alecsandros wrote:The US carriers would know very well about the attacks, and would form a defensive group centered around the 3 fleet carriers. The escort would comprise 8 CAs and CLs and 20 DDs. The US fleet carriers would have between them some 180-190 operational planes - F4Fs, SBDs and TBDs.
Francis Marliere wrote:
Alecs, USN carriers did not operate together early in the war. The USN did not have much faith in the ability of CAP and AAA to stop an air strike. Hence SOP said to separate widely CTF in order not to loose several carriers in a single attack. If you are interested by the subject, I suggest you have a look at the various posts that Mark Horan made in Combined Fleet and J-Aircraft forums.
As far as I remember, Saratoga was in the West Coast when PH was attacked. Hence your scenario opposes the 6 carriers of Kido Butai to USS Lexington and Enterprise. Please consider that so early in the war, the carriers were not yet battle ready : planes lacked things such as pilot armor, self sealing tanks, IFF that proved so usefull later, pilots and sailors did not have yet the valuable experience that they gained in the early raids, etc. Hence a confrontation between 2 unprepared USN carriers and the 6 Japanese ones at their zenith can IMHO only end in a disaster for the US Pacific Fleet.
Steve Crandell wrote:The only thing I would suggest is to fly all the aircraft to Oahu and use the "land carrier" for air ops. Send the carriers back to the west coast for new air wings. Since the Oahu radar is not going to be ignored anymore, it would be a tough place to attack and could mount offensive operations against the IJN carriers, which are on the end of a very long and fragile logistics tail. They can't stay there very long.
alecsandros wrote:What happens next ? Would the Japanese press on an attack against a fully aware USN battle fleet ? Would the Americans discover and attack with their SBDs the Japanese Fleet ?
RF wrote:alecsandros wrote:What happens next ? Would the Japanese press on an attack against a fully aware USN battle fleet ? Would the Americans discover and attack with their SBDs the Japanese Fleet ?
I don't think that the Japanese have any choice other than to go all out to destroy all three US carriers. Whether Nagumo would actually have done so, I doubt it.
Ultimately, whichever way, the outcome of the war would have been the same, concluding with the mushroom cloud.
alecsandros wrote:Still, if Nagumo would succeed in taking out the 3 fleet carriers so early, this could mean quite alot of changes for 1942 timeline, including occupation of more land by the Japanese, no Doolittle raid, no battles for Coral Sea, Midway, Eastern Solomons, Santa Cruz, no invasion of Guadalcanal.
IF carriers were to be re-deployed from the Atlantic (Ranger, Wasp, Hornet, Yorktown with their support ships), that would leave Malta re-supply effort to the ROyal Navy alone. It also means no operation Torch for some time...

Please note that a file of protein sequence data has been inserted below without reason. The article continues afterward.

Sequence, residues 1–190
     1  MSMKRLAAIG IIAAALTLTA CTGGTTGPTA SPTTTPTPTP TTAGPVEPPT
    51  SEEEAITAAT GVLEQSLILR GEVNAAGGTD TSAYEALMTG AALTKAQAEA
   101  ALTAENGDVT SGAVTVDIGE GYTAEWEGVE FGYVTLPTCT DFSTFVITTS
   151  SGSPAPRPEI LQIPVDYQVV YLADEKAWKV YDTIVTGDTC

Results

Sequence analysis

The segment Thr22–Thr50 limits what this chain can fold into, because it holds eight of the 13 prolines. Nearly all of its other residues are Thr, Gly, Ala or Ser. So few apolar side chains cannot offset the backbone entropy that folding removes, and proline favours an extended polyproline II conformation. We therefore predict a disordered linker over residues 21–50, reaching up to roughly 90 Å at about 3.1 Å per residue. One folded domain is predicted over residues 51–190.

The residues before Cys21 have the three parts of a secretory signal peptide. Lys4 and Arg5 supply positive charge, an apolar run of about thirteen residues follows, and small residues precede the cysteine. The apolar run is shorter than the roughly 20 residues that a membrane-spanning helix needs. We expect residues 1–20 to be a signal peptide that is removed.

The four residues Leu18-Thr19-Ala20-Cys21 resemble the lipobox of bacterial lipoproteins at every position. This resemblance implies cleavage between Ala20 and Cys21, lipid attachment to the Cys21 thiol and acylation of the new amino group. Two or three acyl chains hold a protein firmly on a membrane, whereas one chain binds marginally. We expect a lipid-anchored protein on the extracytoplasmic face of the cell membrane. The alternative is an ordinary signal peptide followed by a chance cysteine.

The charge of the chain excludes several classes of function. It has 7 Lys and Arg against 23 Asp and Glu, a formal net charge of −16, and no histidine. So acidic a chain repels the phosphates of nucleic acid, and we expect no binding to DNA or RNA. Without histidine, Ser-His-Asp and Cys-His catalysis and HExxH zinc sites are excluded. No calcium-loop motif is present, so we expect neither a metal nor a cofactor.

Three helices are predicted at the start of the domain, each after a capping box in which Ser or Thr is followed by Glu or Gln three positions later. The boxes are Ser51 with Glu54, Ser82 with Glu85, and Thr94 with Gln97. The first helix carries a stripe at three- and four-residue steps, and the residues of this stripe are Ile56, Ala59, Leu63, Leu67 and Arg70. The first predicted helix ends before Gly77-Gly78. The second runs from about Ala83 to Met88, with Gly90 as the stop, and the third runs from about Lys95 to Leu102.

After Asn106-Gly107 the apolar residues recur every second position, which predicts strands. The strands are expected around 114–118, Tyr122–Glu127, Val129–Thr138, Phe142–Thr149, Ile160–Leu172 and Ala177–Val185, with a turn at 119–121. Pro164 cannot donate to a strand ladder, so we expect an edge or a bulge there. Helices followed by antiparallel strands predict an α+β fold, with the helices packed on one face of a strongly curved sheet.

RF wrote:I have my doubts on that. Logistically the Japanese had already outstretched themselves and would be unable to invade/occupy any further substantial land mass such as Hawaii or Australia or India. Even overrunning New Guinea proved beyond them.
Doolittile raid? I think it would have happened, indeed even more likely, using carriers drawn from the Atlantic.
Given that 85% of the US war effort was directed against Germany, not Japan, Torch would certainly have happened, arguably it becomes more likely and urgent because of the supply situation for Malta. The Americans can do this because Japan poses no real invasion threat to Panama or the US west coast, indeed none of the Axis powers can reach inside the US hinterland.
alecsandros wrote:Considering option 3, the Japanese would have taken Papua New Guinea, Midway, keep Guadalcanal and the Solomons for the entire duration of 1942.
Francis Marliere wrote:alecsandros wrote:Considering option 3, the Japanese would have taken Papua New Guinea, Midway, keep Guadalcanal and the Solomons for the entire duration of 1942.
For the sake of the argument : if there are no US carriers in the Pacific Fleet, Japan has no reason to attack Midway, since reason to attack was to force a battle with the US carriers and sink them.
alecsandros wrote:But wouldn't a reduce USN force allow Japan to expand as much as possible ? And Midway was easily within their possibilities.
Francis Marliere wrote:alecsandros wrote:But wouldn't a reduce USN force allow Japan to expand as much as possible ? And Midway was easily within their possibilities.
If there are no US carriers to sink, the Japanese have no real reason to capture Midway (it would turn in a logistical nightmare for no gain). For Japan, it makes more sense to expand in the South Pacific (Fidji, Samoa, New Caledonia) rather than in the Central one.
Francis Marliere wrote:Midway as a base has very little value for the Japanese, IMHO. The island would prove very difficult to supply because of the distance between Midwaay and Japan, the proximity of US submarine bases and the lack of harbor. Any garrison would loose quickly any fighting capacities and be soon comdamned to starvation. Anyway, even if the Japanese cut their offensives elsewhere and manage to supply Midway (and that's a big IF), they have very little to gain in doing so because IJN fighters lack the range to escort bombers as far as Oahu. Bombers would have to go unescorted and would be cut to piece, IMHO.
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